It’s beginning to look a lot like Christmas, as all across America trees are decorated with tinsel and baubles, festive lights are lit, carols sung, children wait expectantly to hear Santa on his sleigh, and virgins miraculously announce they have given birth.
Yes, apparently the USA is a hot bed (or should that be manger?) of virgin births. This according to a long-term study on reproductive health, published by the British Medical Journal, which states that one in 200 American women claim to have given birth without every having had sexual intercourse!
These miraculous findings come from a study of 7,870 women and girls, aged between 15 and 28, who were interviewed as part of the National Longitudinal Study of Adolescent Health, between 1995 and 2009.
It seems that Jesus Christ may have quite a few half-brothers and half-sisters across the land, as 45 (0.5%) out of all the women who took part, said they had at least one virgin pregnancy, “unrelated to the use of assisted reproductive technology.”
At least one?
That is they conceived without “vaginal intercourse or in-vitro fertilization (IVF).”
Peter Cook and Dudley Moore once jested that conception occurred after a wife sat down in a chair recently vacated by a husband, but whether or not these 45 virgin births involved an easy chair, we are not told. However, the The Independent reports “researchers at the University of North Carolina at Chapel Hill analyzed data from the thousands of teenage girls and young women” and discovered some interesting similarities:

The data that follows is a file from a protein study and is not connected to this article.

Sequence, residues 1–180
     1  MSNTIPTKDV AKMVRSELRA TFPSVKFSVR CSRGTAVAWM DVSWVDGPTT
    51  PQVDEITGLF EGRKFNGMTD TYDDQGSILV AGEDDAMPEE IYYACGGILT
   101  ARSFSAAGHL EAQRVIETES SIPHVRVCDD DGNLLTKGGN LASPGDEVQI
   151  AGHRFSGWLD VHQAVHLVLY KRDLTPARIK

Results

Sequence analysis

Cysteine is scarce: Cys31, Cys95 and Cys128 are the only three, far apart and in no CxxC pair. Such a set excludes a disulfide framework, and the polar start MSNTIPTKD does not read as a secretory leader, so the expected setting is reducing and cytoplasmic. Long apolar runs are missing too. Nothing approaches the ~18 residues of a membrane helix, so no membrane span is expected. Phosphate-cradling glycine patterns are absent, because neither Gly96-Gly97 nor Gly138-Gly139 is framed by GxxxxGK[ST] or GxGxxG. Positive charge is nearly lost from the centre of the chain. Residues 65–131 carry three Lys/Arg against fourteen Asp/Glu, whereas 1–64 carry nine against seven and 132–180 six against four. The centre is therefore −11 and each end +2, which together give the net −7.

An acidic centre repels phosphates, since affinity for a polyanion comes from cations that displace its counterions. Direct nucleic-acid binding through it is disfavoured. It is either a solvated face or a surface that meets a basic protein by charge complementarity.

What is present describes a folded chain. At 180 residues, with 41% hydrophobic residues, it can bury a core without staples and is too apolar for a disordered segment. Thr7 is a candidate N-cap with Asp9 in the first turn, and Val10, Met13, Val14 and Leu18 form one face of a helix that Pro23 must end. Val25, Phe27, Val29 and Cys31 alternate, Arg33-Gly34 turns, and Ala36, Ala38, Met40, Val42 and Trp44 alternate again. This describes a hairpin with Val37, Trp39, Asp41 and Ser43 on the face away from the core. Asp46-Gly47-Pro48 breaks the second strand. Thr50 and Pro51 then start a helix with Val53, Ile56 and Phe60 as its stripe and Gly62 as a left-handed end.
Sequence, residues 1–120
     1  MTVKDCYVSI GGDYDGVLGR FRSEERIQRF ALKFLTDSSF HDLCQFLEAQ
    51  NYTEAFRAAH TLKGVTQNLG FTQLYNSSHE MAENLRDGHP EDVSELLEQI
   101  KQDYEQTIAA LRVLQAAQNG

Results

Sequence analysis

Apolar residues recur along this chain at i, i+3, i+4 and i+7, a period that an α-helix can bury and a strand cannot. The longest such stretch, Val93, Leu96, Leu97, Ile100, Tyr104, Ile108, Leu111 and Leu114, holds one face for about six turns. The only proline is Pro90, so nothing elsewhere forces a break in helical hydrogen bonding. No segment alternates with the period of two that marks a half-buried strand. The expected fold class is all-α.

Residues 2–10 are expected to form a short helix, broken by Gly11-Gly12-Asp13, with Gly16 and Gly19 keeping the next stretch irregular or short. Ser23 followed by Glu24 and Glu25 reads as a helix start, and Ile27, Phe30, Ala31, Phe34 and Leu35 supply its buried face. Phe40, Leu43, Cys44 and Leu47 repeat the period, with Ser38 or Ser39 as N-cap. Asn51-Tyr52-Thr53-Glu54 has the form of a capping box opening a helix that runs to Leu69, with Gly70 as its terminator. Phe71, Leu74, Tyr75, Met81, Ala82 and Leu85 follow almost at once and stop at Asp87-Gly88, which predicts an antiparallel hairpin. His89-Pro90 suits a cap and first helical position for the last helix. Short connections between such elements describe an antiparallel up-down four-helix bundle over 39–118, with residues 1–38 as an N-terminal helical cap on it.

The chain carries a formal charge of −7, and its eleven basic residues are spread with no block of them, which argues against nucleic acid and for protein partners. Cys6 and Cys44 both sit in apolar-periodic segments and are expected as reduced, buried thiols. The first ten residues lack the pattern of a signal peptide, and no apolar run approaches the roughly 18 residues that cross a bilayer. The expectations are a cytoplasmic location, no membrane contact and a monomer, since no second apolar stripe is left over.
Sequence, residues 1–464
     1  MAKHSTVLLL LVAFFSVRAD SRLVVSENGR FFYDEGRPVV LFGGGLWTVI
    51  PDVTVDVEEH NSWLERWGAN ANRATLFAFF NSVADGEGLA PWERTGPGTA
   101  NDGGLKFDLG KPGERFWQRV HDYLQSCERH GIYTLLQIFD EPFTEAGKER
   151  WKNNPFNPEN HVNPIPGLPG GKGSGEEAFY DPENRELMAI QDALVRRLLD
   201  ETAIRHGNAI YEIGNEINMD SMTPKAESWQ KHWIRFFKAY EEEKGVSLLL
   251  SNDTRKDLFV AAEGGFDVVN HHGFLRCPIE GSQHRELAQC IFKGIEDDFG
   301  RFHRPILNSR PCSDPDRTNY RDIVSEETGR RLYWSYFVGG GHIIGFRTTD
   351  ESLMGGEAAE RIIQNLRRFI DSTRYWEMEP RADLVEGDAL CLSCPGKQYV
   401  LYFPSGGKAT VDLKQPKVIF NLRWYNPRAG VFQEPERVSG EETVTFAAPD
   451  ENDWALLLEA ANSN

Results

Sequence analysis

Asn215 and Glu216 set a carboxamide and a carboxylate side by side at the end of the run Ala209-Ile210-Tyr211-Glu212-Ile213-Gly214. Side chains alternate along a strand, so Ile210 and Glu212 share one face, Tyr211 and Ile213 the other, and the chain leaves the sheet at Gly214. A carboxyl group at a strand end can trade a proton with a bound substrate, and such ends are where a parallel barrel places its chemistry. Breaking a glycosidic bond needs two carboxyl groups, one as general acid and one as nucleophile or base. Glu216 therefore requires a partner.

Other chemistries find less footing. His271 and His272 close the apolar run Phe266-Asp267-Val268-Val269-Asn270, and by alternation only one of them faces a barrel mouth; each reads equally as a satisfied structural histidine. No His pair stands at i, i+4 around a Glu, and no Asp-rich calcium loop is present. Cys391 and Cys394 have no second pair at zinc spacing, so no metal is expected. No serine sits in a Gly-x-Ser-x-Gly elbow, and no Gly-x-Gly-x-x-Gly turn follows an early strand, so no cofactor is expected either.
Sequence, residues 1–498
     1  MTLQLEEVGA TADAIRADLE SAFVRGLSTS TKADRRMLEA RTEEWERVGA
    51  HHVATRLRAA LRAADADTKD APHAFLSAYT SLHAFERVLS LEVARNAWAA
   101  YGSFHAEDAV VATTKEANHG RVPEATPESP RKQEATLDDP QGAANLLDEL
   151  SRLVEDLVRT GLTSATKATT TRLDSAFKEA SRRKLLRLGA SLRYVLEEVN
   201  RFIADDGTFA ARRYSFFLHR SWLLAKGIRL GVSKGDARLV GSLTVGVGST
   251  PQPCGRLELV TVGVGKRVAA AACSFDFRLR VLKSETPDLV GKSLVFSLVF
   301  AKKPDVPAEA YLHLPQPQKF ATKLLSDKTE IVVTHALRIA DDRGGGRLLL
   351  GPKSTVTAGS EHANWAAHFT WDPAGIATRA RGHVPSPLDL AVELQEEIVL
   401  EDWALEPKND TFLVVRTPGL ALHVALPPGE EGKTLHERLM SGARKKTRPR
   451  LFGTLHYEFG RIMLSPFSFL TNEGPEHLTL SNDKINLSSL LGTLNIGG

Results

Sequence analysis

They found that the girls who had become pregnant, despite claiming they had never had sex at the time of conception, shared some common characteristics.
Thirty-one percent of the girls had signed a so-called ‘chastity pledge’, whereby they vow—usually for religious reasons—not to have sex. Fifteen percent of non-virgins who became pregnant also said they had signed such pledges.
The 45 self-described virgins who reported having become pregnant and the 36 who gave birth were also more likely than non-virgins to say their parents never or rarely talked to them about sex and birth control.
About 28 percent of the “virgin” mothers’ parents (who were also interviewed) indicated they didn’t have enough knowledge to discuss sex and contraception with their daughters, compared to 5 percent of the parents of girls who became pregnant and said they had had intercourse.
The authors of the study—titled “Like a virgin (mother)”—say that such scientifically impossible claims show researchers must take care in interpreting self-reported behavior. Fallible memory, beliefs and wishes can cause people to err in what they tell scientists.
Perhaps we should wait and see if any of these virgin births grow-up and start their own religion. Meantime, virgins should not sit in any recently vacated chairs…
H/T The Independent